Safe Space Are colleges bending under pressure of politically correct culture?

Depending on the point-of-view of an individual person, the term "safe space" could be defined as a place where people can come together and have relaxed discussion without feeling judgement, or quite the opposite: it could also be described as a space used to escape the harsh realities of opposing ideas.

Typically, according to general surveys and polls, more liberal-minded students tend to lean more towards the use of safe spaces to offer a secure area for minority students, such as LGBT or African-American individuals, and more recently, Black Lives Matter supporters and anti-Trump protesters.

On the other side of the issue, more conservative-minded students are against the use of having a protected area for certain individuals, or having this area for anyone at all, in order to face controversial or offensive terms rather than hide from them.

Although many stories of "crybullies" that demand these safe spaces on college campuses stretch the truth, or turn out to be fake, there is evidence that the politically culture of today is having an effect on certain campuses throughout the country.

A part of this PC culture works to deliver "trigger warnings" to discussions that could potentially upset some students, particularly minorities of sexual orientation or race. According to a Pew Research Center poll, Millennial-aged individuals are more likely to demand that offensive terms be banned from public speech than their older counterparts of the Gen X or Baby Boomer generations.

The issue of banning offensive terms in public may sound like a good idea, but who determines whether a word is offensive? There are obviously offensive terms, such as the "n-word," that have been banned in the sense that they are not allowed on television or other media outlets without being censored.

Unless it is live TV, as was the case with a CNN segment with Brooke Baldwin about President-elect Donald Trump's white supremacist supporters. One of the guests on the show, journalist Charles Kaiser, used the n-word in the context of, "If you don't want to support the alt-right, don't choose as a White House chancellor a man that uses the word 'nigger."

Although it can be argued that the term should be banned, the guest on CNN used it uncensored in order to prove the point that racism must be faced head on, however the CNN host and other guest of the segment were deeply offended just by hearing the word itself.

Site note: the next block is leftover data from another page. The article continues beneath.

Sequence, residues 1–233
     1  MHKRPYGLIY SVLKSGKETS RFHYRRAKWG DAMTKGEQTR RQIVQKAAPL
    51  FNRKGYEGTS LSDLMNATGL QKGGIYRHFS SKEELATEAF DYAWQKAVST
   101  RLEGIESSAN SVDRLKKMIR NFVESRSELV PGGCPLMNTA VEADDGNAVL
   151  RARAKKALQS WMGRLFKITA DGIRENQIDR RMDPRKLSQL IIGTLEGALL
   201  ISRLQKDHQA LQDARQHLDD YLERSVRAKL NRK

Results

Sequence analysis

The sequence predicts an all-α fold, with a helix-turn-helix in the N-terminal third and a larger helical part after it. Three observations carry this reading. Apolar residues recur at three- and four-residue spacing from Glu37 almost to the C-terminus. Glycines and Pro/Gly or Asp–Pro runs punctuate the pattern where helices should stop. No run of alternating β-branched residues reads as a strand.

However, what about other terms deemed offensive? Some say that the word "woman" is offensive because it has "man" in the word; would "woman" be banned from public speech if we start by banning actual offensive speech?

If the government banned certain terms, even if they are deemed offensive by most of the population, this could potentially lead to individuals or groups demanding that any word that offends them be banned.

Do these issues effect Emerson College? President Lee Pelton comments:

Recently, posters from a white supremacy group called, "American Vanguard" were found on campus, calling on white people to "Take your country back."

President Pelton sent out an email to the Emerson community, condemning the posters and the people who placed them in the Walker building and a residence hall:

"We have not yet identified who placed these posters in our community under the cowardly cloak of anonymity. However, I have asked the Emerson College Police Department to do all that it can to identify the person or persons who did so.

We will not tolerate the promulgation of racist and anti-Semitic declarations in our community.

Staff in the offices of Diversity & Inclusion and Student Affairs are available to offer support should you think it helpful."

The only incident found with the posters was the after shock the day they were discovered by the Emerson community. Thankfully, no students were physically hurt despite the harsh nature of the posters (and the fact that they were put up anonymously), however, support from staff in the Diversity & Inclusion and Student Affairs was available to let students talk about the situation that simmered down in a few days.

Is support and counseling needed on college campuses when an incident occurs with no one getting physically harmed? And although the posters were hate speech, would this reaction of supplying counseling hinder students from not being able to process hateful rhetoric later in life?

President Pelton comments on the matter:

Although racism, sexism, homophobia, and other hateful rhetoric must be confronted through education, we as a society cannot begin to bend over backwards every time PC culture deems a certain term as offensive, otherwise our society would run on the concept of punishing "thought crimes," which will make push back even worse in the future.

Xenophobia must be faced head-on in order to be dealt with, not by censorship or the extreme use of safe spaces to hide from the outside world.


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